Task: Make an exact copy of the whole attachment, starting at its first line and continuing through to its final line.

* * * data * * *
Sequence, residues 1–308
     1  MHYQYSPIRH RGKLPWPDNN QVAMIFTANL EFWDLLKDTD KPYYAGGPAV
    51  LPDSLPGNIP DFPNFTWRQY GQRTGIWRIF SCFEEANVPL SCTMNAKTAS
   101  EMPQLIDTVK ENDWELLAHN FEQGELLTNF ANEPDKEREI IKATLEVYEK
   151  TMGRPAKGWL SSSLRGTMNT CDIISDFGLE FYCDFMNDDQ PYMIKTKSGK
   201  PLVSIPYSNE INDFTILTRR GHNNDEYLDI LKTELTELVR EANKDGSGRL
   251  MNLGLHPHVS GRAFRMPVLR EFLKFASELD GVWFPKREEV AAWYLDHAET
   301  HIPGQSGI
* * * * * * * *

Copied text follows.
Sequence, residues 1–308
     1  MHYQYSPIRH RGKLPWPDNN QVAMIFTANL EFWDLLKDTD KPYYAGGPAV
    51  LPDSLPGNIP DFPNFTWRQY GQRTGIWRIF SCFEEANVPL SCTMNAKTAS
   101  EMPQLIDTVK ENDWELLAHN FEQGELLTNF ANEPDKEREI IKATLEVYEK
   151  TMGRPAKGWL SSSLRGTMNT CDIISDFGLE FYCDFMNDDQ PYMIKTKSGK
   201  PLVSIPYSNE INDFTILTRR GHNNDEYLDI LKTELTELVR EANKDGSGRL
   251  MNLGLHPHVS GRAFRMPVLR EFLKFASELD GVWFPKREEV AAWYLDHAET
   301  HIPGQSGI